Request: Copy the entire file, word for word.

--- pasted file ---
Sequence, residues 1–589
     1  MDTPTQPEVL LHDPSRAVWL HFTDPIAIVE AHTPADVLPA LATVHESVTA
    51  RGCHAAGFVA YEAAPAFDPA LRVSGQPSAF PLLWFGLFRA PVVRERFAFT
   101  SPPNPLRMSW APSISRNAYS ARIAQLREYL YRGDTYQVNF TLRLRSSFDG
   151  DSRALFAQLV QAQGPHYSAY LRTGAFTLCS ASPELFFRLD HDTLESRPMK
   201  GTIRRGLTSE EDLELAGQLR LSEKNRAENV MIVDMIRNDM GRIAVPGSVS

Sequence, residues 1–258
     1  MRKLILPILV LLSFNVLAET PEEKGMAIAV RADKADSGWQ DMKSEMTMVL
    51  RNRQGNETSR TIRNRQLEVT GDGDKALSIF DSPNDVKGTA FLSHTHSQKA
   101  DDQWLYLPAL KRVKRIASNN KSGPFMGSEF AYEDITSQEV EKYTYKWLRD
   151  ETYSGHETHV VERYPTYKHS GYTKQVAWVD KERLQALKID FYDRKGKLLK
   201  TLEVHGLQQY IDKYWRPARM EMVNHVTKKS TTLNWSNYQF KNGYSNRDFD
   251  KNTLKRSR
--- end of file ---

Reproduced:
Sequence, residues 1–589
     1  MDTPTQPEVL LHDPSRAVWL HFTDPIAIVE AHTPADVLPA LATVHESVTA
    51  RGCHAAGFVA YEAAPAFDPA LRVSGQPSAF PLLWFGLFRA PVVRERFAFT
   101  SPPNPLRMSW APSISRNAYS ARIAQLREYL YRGDTYQVNF TLRLRSSFDG
   151  DSRALFAQLV QAQGPHYSAY LRTGAFTLCS ASPELFFRLD HDTLESRPMK
   201  GTIRRGLTSE EDLELAGQLR LSEKNRAENV MIVDMIRNDM GRIAVPGSVS

Sequence, residues 1–258
     1  MRKLILPILV LLSFNVLAET PEEKGMAIAV RADKADSGWQ DMKSEMTMVL
    51  RNRQGNETSR TIRNRQLEVT GDGDKALSIF DSPNDVKGTA FLSHTHSQKA
   101  DDQWLYLPAL KRVKRIASNN KSGPFMGSEF AYEDITSQEV EKYTYKWLRD
   151  ETYSGHETHV VERYPTYKHS GYTKQVAWVD KERLQALKID FYDRKGKLLK
   201  TLEVHGLQQY IDKYWRPARM EMVNHVTKKS TTLNWSNYQF KNGYSNRDFD
   251  KNTLKRSR